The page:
'I will now tell you a few things. The lust of the eye is for beauty. The lust of the ear is for music. The lust of the palate is for flavour. The lust of ambition is for gratification. Man's greatest age is one hundred years. A medium old age is eighty years. The lowest estimate is sixty years. Take away from this the hours of sickness, disease, death, mourning, sorrow, and trouble, and there will not remain more than four or five days a month upon which a man may open his mouth to laugh. Heaven and Earth are everlasting. Sooner or later every man has to die. That which thus has a limit, as compared with that which is everlasting, is a mere flash, like the passage of some swift steed seen through a crack. And those who cannot gratify their ambition and live through their allotted span, are men who have not attained to Tao.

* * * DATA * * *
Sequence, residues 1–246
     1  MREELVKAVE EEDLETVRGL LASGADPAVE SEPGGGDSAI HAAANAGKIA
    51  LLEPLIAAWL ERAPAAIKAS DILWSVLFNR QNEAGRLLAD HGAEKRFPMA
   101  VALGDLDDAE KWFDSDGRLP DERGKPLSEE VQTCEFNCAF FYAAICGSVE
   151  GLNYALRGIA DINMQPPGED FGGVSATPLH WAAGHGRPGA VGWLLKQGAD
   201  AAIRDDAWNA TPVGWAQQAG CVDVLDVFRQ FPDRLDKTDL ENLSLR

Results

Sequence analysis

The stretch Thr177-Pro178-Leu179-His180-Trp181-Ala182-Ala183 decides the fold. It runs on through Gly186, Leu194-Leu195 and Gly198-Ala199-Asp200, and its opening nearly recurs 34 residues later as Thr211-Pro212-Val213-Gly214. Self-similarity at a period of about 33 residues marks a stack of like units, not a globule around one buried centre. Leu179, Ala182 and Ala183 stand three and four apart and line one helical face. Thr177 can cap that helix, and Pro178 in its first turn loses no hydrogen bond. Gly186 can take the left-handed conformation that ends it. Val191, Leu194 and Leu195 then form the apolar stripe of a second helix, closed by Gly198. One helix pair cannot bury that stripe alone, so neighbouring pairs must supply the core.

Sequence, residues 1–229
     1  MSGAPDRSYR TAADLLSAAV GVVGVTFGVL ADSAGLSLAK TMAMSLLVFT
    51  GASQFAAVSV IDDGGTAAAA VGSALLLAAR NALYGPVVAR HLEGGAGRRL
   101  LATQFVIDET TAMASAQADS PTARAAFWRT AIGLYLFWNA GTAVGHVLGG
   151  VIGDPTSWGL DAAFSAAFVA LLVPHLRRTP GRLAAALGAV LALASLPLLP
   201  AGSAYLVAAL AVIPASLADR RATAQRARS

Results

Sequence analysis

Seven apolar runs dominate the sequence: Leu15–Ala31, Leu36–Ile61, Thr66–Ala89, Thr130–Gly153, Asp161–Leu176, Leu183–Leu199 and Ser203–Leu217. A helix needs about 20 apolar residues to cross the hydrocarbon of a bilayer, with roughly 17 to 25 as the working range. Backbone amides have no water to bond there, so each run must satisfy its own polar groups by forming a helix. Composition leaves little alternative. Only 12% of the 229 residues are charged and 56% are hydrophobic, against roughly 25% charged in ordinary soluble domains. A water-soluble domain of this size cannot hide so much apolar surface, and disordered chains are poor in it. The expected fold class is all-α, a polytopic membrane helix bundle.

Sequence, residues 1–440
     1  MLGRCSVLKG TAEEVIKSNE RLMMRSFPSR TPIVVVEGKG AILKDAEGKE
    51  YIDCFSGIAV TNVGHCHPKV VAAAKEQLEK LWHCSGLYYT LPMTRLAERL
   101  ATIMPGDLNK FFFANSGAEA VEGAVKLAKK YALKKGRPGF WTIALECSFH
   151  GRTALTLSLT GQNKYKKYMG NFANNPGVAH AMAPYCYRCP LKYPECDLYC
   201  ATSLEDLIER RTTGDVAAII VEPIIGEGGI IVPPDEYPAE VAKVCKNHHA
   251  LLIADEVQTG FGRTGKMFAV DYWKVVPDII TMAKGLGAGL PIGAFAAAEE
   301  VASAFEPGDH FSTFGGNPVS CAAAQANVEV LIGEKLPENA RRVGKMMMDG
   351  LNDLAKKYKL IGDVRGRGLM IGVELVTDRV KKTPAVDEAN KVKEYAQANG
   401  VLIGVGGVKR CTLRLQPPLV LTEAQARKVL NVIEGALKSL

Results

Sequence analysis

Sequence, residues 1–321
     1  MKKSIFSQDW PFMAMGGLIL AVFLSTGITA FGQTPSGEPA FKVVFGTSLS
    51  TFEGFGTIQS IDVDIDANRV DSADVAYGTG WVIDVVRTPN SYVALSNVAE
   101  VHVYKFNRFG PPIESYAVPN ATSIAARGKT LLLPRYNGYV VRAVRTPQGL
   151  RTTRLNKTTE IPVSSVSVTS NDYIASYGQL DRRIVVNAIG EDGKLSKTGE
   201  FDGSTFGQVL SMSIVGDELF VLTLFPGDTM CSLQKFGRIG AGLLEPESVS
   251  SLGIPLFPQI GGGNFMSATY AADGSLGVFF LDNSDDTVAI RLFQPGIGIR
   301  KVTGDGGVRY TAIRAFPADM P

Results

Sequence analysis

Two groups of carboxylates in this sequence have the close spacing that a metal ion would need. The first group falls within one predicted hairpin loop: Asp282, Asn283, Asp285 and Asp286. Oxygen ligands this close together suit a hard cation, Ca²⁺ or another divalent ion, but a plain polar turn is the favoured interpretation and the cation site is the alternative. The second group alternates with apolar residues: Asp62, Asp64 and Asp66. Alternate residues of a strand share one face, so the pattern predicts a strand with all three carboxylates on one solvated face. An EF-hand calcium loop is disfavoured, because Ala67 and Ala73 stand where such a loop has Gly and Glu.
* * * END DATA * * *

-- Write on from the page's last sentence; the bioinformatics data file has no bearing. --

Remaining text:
'Ch'iu! all your teachings are nothing to me. Begone! Go home! Say no more! Your doctrine is a random jargon, full of falsity and deceit. It can never preserve the original purity of man. Why discuss it further?'

Confucius made two obeisances and hurriedly took his leave. On mounting his chariot, he three times missed hold of the reins. His eyes were so dazed that he could see nothing. His face was ashy pale. With down-cast head he grasped the bar of his chariot, unable to find vent for his feelings.

Arriving outside the eastern gate of Lu, he met Liu Hsia Chi, who said, 'I have not seen you for some days. From the look of your equipage I should say you had been travelling. I guess now you have been to see Che.'